Current Game/Tournament Tabs

Beta Phase 21 is still a ways away, so don’t get your hopes up. But I wanted to share one change I made tonight since it’s on the top of my mind now.

Under the multi-player tab, there are these two pesky tabs named “Current Game” and “Current Tournament”. I’ve never been happy with them.

Current Tabs

There are several things I don’t like about them:

1. They don’t show up until you first visit a game or tournament. Typically tabs don’t dynamically appear, so this is probably a bit jarring when it’s noticed. (Although I bet most people don’t notice.)

2. Their names are not descriptive. Sure, Current Game makes sense when you’re looking at a game and you see the tab is highlighted. But when you’re on a different tab, seeing a tab named Current Game doesn’t make any sense. Long-time players will remember that this tab used to be called “Last Game”. This has the opposite problem – it makes sense to go to the last game you played, but if you’re looking at a game, why is Last Game highlighted? At one point I considered dynamically renaming it, but I decided against it in fear it would be even more jarring.

3. All of these tabs take up extra horizontal space. With both Current tabs, the Sound link, and the Design Maps tab (which only shows up if you’re a WarLight map creator), you need a browser 1144 pixels wide to see everything! This provides a poor experience for those in low resolutions. It’s important to remember that 1024×768 is still a very popular resolution. But it’s not really as bleak as it sounds, since most players won’t have the Design Maps tab or be in tournaments.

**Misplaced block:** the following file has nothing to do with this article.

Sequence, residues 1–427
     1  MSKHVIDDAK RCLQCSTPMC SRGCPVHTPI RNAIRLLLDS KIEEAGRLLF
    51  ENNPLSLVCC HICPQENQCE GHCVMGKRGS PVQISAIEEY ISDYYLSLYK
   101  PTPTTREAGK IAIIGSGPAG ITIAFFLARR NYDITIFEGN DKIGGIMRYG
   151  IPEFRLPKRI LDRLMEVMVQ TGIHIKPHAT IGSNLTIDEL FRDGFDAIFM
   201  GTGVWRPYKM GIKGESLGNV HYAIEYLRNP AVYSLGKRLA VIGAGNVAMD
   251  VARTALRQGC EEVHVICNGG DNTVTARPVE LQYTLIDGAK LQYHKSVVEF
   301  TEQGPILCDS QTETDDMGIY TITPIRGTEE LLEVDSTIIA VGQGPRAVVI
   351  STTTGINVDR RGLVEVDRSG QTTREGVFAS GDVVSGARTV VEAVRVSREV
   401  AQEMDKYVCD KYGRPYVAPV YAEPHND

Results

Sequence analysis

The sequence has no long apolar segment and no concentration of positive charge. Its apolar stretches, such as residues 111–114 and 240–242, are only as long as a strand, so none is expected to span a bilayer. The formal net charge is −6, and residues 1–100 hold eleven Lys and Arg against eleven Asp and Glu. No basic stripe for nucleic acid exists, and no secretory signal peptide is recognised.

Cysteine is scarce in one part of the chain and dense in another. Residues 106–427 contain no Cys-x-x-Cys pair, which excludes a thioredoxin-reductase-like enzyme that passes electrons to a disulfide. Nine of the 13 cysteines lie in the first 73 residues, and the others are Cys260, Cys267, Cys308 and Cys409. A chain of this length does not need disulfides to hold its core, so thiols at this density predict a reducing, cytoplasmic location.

The horizontal space issue is fine as long as I don’t need to add a new tab here. But a feature I’m working on for Phase 21 calls for a new tab. Uh oh. Adding more would make it far too wide. Something’s got to go.

I thought a lot about how I could save space here. I could move Create Game to be a button instead of a tab (that would make it more in-line with tournaments, which is a plus). I could move Design Maps somewhere else (it doesn’t really make sense to be under multi-player anyway). I could abbreviate “Tournaments” (why must that word be so long?). I could squish everything together. All of these solutions have their own unique problems.

But ultimately I just kept coming back to the “Current” tabs – they’re taking up almost 40% of the space on that tab bar, and I’ve never been happy with them for the reasons cited above.

I thought about getting rid of them completely since they’re not strictly necessary to play. However, they are useful in a few situations. The time I use them the most often is when checking out a bunch of games in a tournament. The “Current Tournament” makes it easy to switch back and forth.